Being a doctor isn’t glamorous. But this physician keeps coming back for more.

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My last clinic patient of the day was a frail, elderly man. I initially found him to be ornery. He had the air of someone who was chronically irritated. He was also incredibly hard of hearing. Due to the awkward set up of the exam room and computer, his wheelchair was positioned in such a way that we sat side-by-side. His wife sat sleeping in her chair, her red lipstick applied perfectly and pearls gleaming under the fluorescent light. Their caregiver stood in between them.

I asked him a few times before he heard me how he was feeling. Then with a disgruntled expression on his face, he said he had a back problem and couldn’t turn to me. His caregiver and I clamored over the computer and gurney to wheel him around so we could sit face-to-face.

We stared at each other.

He was quite frail and very well-dressed. He was someone who had been very successful professionally. His hairless head hovered between hunched shoulders. Eyeglasses sat atop his nose. Clear hearing aids were housed in each ear. He seemed a very serious man.

“You’re a lady doctor,” he said.

“Yes, I am. Surprise!” I quipped, my attempt at a polite answer to his assumption. “How are you feeling? What would you like to discuss today?”

He paused and looked down. Then he looked back at me and said quietly, “Well, my wee-wee system isn’t working.”

“OK. What do you mean by that?” hoping my question would open a floodgate of descriptions of urine color and stream strength.

He didn’t answer. I knew I was going to have to prod a little more. I asked him many questions about his urine and his urinary habits. My next question elicited more of an answer and true insight into what was bothering this man: “Tell me about your bowel habits.”

He sighed deeply. “I’m having trouble. I haven’t gone in a week. I think that is the mess I’m in and it’s causing problems with everything.” His forehead was wrinkled, eyes intense.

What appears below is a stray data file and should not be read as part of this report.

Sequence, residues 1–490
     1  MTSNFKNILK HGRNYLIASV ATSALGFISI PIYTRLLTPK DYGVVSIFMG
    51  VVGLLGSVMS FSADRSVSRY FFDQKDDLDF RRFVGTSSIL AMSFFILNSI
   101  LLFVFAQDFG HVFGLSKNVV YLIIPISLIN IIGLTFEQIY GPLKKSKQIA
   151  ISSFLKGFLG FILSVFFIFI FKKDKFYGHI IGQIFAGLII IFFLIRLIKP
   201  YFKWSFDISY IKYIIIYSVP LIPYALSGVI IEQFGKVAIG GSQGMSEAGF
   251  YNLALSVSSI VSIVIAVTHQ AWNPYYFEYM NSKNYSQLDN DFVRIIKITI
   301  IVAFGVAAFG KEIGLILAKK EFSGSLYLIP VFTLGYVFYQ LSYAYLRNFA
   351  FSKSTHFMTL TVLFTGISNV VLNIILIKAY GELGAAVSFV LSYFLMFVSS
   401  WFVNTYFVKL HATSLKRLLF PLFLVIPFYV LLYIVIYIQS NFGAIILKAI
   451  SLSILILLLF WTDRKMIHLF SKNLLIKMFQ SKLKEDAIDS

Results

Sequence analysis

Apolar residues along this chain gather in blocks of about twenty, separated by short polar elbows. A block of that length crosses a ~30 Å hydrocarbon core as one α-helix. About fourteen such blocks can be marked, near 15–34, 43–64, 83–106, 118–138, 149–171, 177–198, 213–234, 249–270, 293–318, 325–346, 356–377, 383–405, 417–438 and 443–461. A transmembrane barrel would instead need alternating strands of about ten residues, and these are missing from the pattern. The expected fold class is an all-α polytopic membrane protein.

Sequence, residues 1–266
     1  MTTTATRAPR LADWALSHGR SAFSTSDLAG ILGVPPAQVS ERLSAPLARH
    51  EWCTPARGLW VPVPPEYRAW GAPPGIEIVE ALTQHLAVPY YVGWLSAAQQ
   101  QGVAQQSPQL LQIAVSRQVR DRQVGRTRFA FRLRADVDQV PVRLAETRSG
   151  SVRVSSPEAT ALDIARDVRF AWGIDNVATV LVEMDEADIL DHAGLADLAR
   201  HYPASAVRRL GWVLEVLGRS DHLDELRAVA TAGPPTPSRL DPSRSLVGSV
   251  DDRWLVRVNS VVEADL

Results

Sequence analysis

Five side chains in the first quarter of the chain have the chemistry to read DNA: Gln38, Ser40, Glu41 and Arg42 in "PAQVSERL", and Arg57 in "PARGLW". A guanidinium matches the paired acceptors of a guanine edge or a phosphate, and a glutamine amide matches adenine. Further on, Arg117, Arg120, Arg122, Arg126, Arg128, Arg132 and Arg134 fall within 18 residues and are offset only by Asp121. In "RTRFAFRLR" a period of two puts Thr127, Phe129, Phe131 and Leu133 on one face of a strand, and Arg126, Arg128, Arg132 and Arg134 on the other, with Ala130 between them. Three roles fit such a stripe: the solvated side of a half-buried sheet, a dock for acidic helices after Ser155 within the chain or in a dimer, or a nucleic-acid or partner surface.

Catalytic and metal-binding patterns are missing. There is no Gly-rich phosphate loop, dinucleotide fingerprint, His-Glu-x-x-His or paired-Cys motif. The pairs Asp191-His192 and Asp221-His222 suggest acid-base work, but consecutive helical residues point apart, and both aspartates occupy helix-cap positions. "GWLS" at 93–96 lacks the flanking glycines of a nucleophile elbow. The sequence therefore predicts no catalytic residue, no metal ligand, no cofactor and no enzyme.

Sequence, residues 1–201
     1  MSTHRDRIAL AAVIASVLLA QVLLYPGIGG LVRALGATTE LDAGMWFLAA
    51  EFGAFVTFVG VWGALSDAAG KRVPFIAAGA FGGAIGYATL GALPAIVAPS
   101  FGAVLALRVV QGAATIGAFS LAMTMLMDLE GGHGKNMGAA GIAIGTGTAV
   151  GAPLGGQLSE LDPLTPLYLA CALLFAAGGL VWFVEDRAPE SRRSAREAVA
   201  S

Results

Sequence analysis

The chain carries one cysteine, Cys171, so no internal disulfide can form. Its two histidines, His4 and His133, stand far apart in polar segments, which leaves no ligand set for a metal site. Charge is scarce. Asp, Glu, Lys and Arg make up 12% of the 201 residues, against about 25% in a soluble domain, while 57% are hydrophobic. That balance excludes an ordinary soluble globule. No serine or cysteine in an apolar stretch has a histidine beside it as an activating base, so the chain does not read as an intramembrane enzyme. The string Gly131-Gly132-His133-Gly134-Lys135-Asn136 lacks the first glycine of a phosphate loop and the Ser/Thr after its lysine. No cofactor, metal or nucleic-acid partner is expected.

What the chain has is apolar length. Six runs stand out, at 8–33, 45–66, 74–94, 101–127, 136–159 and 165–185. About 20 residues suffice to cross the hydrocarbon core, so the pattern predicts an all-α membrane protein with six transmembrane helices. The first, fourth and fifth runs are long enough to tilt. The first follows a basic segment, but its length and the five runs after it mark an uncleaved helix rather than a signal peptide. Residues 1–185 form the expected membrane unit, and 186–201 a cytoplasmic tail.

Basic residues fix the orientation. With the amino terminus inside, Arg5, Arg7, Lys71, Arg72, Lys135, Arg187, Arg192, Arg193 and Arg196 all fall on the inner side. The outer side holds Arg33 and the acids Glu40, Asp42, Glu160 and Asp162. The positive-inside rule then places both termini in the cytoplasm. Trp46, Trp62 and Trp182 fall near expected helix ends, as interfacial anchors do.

I told him not to worry, that I had some stuff that could help him. For the first time in twenty minutes, his face softened, his eyes twinkled, and his mouth turned upwards in a half-smile.

“Oh, good! You’re saying I’m full of crap?” He eyed me cautiously, testing my humor.

“Well, yes probably. It sounds like you need to poop!” He finally laughed, and I joined him. He looked relieved. Well, emotionally relieved, at least.

He didn’t want an enema. We created a plan together. I told him he could call me if the plan didn’t work.

When I stood up to leave, I saw him try to kick one quivering leg off the foot stand of his wheelchair. His caregiver and I looked at him. “What are you doing,” she asked.

“I’m trying to stand up and greet the nice doctor,” he insisted.

I assured him he could greet me from his wheelchair. I held out my hand, which he grabbed and shook with both hands.

As I left the room, I heard him say “Thank you for listening to me.”

By no means do I consider my job to be glamorous. But I do realize the impact I can have on one individual person. And that’s what keeps me going back for more.

Uzma Khan is a hospitalist and can be reached on Facebook.

Image credit: Shutterstock.com

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